While both public & private boards are paid handsomely, either by remunerations, or retainers, or salaries, or per diem allowances, or other forms of monetary compensations, our boards are rewarded through thank-you’s and personal satisfaction.

My friends, the sector has a number of challenges. While OCASI is leading in addressing all the outstanding issues such as resources, funding formulae, staff professional development and retention, equality & equity, it is important that we as members are aware of what is happening in the country and around the world.

And speaking around the world, here is a major challenge. According the UNHCR,

  • There are 66 million displaced people around the world as we speak.
  • 23 million are registered with the UNHCR
  • 10.0 million are stateless
  • 30% of all refugees are in Africa
  • 26% are in the Middle East and North Africa.
  • We all read the horrible news coming out of Myanmar and the Rohingya refugees on a daily basis.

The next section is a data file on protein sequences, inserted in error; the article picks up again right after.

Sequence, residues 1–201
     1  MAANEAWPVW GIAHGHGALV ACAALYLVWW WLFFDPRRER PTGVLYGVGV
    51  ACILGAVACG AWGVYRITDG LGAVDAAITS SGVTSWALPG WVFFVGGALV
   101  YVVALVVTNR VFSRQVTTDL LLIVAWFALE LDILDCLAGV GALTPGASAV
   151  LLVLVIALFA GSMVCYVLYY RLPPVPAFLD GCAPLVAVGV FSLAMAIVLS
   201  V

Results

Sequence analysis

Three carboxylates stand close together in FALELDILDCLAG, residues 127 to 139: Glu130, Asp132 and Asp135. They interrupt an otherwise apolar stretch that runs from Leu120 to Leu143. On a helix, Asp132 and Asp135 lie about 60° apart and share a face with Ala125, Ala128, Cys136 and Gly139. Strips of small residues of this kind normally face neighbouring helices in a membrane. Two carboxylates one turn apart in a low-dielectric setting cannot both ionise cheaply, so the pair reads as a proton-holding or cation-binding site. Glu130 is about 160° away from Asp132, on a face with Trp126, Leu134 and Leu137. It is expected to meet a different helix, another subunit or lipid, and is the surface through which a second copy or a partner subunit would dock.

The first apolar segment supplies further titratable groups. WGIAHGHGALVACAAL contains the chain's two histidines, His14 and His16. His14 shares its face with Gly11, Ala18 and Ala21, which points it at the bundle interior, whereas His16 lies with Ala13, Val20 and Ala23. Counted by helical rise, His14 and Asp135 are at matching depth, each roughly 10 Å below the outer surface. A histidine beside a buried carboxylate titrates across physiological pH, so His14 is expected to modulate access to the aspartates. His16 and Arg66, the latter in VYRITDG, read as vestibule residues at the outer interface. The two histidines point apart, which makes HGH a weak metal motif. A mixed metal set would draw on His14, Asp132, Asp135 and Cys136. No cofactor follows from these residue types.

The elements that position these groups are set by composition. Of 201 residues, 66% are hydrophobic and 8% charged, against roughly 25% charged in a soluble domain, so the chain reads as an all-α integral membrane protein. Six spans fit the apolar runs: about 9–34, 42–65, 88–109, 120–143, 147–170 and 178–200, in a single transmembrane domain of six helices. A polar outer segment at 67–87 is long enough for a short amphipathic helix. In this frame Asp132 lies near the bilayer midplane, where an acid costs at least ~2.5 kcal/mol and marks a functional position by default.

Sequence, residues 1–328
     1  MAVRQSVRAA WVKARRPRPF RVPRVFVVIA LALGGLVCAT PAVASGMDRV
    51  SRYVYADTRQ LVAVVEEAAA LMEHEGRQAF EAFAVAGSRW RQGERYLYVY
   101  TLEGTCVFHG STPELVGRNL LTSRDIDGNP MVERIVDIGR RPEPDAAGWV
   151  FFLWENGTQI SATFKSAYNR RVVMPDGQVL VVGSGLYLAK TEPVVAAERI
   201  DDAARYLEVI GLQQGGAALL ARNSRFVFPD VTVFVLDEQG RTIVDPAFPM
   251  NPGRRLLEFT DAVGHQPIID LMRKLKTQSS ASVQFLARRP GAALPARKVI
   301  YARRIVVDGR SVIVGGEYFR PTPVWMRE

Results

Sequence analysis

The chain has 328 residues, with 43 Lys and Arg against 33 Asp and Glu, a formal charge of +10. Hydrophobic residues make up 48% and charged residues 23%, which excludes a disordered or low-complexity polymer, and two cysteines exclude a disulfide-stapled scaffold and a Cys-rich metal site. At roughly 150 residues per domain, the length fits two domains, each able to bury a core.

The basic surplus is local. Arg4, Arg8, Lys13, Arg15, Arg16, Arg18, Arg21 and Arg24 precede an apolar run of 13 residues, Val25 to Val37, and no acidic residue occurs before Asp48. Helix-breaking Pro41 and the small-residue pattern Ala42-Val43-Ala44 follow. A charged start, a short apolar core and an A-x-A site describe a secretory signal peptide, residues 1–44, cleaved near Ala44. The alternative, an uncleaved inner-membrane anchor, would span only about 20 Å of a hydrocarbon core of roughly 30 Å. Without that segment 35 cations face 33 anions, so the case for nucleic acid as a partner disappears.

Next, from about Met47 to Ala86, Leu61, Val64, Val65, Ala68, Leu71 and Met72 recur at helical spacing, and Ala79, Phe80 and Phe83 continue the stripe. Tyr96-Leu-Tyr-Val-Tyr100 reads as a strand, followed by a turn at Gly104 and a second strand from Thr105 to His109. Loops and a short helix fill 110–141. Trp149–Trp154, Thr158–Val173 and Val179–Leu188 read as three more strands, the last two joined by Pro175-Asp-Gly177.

• There is no end in sight to the Syrian conflict.
  • And on and on and on … what is going on, you might be wondering?

Now, our sector, and under the leadership of this Council, is advocating that Canada should take the lead in addressing these challenges by raising the immigration target levels to 450,000 people a year, including these refugees.

The question is: can we as a sector support this level of newcomers? To me, the answer is yes. Of course we can, if and when our government decides to respond positively.

We have the capacity, we have the expertise, and we have the experience to receive, to serve and to settle 450,000 newcomers or more annually quite easily. Remember we were tested last year, and passed the test with flying colours.

According to the Conference Board of Canada, if we raise the target to this level, or more, it will mean:

  • More workers to fill the labour force shortage,
  • It will mean more entrepreneurs to create new jobs,
  • It will mean more customers to buy capital assets such houses and cars, and
  • It will mean an injection of new & young blood that will help us pay for and support our aging population.